• We aim to source virgin wool fibres from farms certified to the Responsible
Wool Standard (a voluntary global standard that addresses the welfare of sheep
and of the land they graze on).

• Recycled wool fibres should be certified to the Global Recycled Standard (GRS)
or Recycled Claim Standard (RCS) or equivalent standard.

Virgin Cashmere Fibre and Recycled Cashmere Fibre

• We strive to limit the use of virgin cashmere and where possible
source recycled cashmere, due to the negative environmental and social impacts caused
by current cashmere production practices in Mongolia and other cashmere producing regions.


• We source yak as a sustainable alternative to virgin cashmere fibres,
due to biodiversity issues of goat overgrazing, leading to grassland degradation,
desertification and economic hardship for herders.


• We aim to source all South African mohair from farms with high animal
welfare standards audited to the Sustainable Mohair Production Guidelines.


• All feathers used in our products should come from fully traceable sources
and from farms with high animal welfare standards.

• We do not accept feathers produced using live plucking or force-feeding methods
or from endangered/wild-caught birds.


• Our silk comes from conventional sources. We are always looking for commercially
viable, innovative alternatives to conventional silk, so that we can reduce
the risk of animal welfare issues in processing..


• Horn used for trims should be a by-product of the meat industry only.


We are working to source all virgin animal derived materials from farms that
uphold the highest animal welfare standards and are certified to
a credible standard.

We ask that suppliers support us in managing our supply chain impacts by
tracing the full route of animal derived materials from origin to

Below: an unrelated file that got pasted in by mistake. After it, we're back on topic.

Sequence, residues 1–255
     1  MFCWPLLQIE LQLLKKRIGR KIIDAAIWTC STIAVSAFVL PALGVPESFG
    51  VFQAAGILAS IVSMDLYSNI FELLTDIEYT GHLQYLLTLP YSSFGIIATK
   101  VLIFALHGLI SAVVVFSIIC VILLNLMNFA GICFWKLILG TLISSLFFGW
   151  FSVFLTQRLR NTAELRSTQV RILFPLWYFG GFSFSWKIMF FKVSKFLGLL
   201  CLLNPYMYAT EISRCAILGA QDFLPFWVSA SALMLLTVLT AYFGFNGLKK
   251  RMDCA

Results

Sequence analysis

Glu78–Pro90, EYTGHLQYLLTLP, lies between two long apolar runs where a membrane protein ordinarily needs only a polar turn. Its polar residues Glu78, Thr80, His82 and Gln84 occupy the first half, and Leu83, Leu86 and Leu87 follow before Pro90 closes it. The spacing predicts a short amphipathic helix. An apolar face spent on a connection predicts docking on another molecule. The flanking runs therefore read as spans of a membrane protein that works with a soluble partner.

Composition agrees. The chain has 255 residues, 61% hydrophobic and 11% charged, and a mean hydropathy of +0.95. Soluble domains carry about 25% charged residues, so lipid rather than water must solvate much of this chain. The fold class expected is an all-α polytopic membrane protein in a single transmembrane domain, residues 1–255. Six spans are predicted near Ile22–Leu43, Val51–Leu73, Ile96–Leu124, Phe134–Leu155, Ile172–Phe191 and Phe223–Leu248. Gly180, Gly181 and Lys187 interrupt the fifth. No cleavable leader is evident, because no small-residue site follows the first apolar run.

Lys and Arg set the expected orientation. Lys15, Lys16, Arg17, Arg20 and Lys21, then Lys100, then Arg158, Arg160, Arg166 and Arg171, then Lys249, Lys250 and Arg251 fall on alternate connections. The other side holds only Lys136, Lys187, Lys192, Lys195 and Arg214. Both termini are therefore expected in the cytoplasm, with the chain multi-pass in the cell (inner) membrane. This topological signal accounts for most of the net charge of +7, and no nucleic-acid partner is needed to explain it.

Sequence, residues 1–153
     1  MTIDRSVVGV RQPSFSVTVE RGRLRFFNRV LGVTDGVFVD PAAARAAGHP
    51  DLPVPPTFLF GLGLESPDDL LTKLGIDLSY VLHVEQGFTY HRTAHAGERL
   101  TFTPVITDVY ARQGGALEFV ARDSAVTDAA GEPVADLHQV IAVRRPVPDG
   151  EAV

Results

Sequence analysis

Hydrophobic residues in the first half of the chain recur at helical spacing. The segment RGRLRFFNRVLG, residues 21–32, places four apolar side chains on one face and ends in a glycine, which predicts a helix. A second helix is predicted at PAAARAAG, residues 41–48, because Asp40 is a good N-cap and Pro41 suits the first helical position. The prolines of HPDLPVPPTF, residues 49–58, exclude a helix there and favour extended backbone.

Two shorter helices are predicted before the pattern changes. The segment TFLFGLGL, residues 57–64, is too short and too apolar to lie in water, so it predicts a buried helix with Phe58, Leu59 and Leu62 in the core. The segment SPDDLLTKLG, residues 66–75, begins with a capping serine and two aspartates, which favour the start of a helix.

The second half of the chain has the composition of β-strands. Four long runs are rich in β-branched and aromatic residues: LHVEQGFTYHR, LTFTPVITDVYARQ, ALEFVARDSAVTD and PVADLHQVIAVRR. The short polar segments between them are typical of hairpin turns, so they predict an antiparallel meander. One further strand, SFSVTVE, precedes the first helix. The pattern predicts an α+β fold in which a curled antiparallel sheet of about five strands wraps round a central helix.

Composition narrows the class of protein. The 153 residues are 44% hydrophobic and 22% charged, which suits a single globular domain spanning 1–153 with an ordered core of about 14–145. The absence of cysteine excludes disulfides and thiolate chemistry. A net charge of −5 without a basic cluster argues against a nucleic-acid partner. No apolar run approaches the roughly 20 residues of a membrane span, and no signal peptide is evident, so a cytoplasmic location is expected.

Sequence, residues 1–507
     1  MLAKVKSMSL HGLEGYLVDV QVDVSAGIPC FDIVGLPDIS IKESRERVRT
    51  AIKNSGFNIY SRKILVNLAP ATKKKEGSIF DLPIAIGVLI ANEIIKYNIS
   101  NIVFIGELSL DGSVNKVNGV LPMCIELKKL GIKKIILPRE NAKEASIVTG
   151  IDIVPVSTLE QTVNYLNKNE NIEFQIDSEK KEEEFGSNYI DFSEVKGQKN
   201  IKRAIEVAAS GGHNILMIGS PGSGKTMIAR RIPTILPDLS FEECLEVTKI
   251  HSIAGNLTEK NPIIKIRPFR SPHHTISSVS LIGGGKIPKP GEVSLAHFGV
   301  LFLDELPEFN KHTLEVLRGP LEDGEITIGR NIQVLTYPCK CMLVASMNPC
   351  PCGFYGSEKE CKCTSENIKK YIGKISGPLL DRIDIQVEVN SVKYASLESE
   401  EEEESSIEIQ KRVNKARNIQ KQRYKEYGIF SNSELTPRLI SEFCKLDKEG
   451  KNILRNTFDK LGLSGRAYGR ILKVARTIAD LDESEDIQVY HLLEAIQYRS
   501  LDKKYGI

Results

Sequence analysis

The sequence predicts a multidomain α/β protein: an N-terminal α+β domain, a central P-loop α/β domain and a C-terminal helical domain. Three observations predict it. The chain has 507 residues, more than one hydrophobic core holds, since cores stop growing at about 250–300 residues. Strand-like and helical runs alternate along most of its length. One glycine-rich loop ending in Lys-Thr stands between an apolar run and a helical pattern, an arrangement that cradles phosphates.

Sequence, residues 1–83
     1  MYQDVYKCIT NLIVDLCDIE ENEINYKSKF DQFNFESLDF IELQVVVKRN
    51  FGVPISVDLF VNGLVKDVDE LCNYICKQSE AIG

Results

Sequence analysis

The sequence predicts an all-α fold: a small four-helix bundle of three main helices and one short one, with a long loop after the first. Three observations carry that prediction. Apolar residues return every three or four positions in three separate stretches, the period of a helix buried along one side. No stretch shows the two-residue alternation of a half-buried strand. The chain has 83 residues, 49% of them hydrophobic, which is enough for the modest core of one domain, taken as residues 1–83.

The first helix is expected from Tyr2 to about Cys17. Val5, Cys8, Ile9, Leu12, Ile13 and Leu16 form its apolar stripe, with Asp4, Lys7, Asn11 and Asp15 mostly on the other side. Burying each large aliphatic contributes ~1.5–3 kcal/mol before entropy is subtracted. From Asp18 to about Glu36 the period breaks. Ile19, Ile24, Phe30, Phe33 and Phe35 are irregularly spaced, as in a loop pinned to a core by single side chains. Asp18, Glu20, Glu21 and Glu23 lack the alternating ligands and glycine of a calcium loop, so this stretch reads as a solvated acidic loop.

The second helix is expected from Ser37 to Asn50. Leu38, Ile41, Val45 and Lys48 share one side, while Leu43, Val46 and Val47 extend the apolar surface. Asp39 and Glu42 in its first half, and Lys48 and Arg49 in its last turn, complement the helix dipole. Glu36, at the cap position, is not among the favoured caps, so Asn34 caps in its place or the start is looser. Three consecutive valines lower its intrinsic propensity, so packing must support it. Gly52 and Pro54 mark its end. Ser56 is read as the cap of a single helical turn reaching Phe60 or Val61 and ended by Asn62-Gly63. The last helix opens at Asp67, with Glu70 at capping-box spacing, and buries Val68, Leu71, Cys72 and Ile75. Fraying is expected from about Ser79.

finished product. Where we cannot get information about origin, we try to find
a more sustainable alternative.

As a minimum, suppliers must provide all relevant information about the origin
of the animal derived material (name of species, country/region
of origin, and wild or farmed) and supporting certifications
when requested.


We will implement guidelines, procedures, and resources to uphold these Principles
within our own sourcing and design teams and with
supply chain partners.

We will update these Principles in line with developments in
animal welfare best practice.


At Vivienne Westwood we employ just under 300 employees across the UK.
We promote equal opportunities for women and men at every level of the Group.
While we support diversity in all its forms, we are particularly committed to gender
equality in the workplace. We believe in fair pay, based on experience and merit,
as well as in a fair recruitment process that focuses on skills and capabilities.

Today, women at Vivienne Westwood account for 63% of our total headcount.
Our female workforce has seen the most significant increase over the last few years,
especially in leadership roles.

The report on our gender pay gap follows the methodology set out by the government. It provides
context for the key gender pay figures and outlines actions we are taking to improve them.

The table below shows the Vivienne Westwood mean and median hourly gender pay
gap to 5th April 2018 and bonus gap for the 12 months to 5th April 2018.

Pay & Bonus Gap (difference between men and women Gender Pay Gap)



Hourly rate of pay 1.16% 1.9%
Bonus pay 24% 34%

Pay quartiles

Upper quartile

Upper middle quartile

Lower middle quartile

Lower quartile

42% male employees 36% male employees 30% male employees 38% male employees
58% female employees 64% female employees 70% female employees 62% female employees

Proportion of male and female colleagues receiving bonus pay

Male employees


Female employees


We will be working on the opportunities arising from gender pay reporting and our ongoing
analysis will ensure we are pro-actively managing our pay fairly and equitably.

I confirm that our data has been calculated according to the requirements
of The Equality Act 2010 (Gender Pay Gap Information) Regulations 2017.

Carlo D’Amario
CEO at Vivienne Westwood Group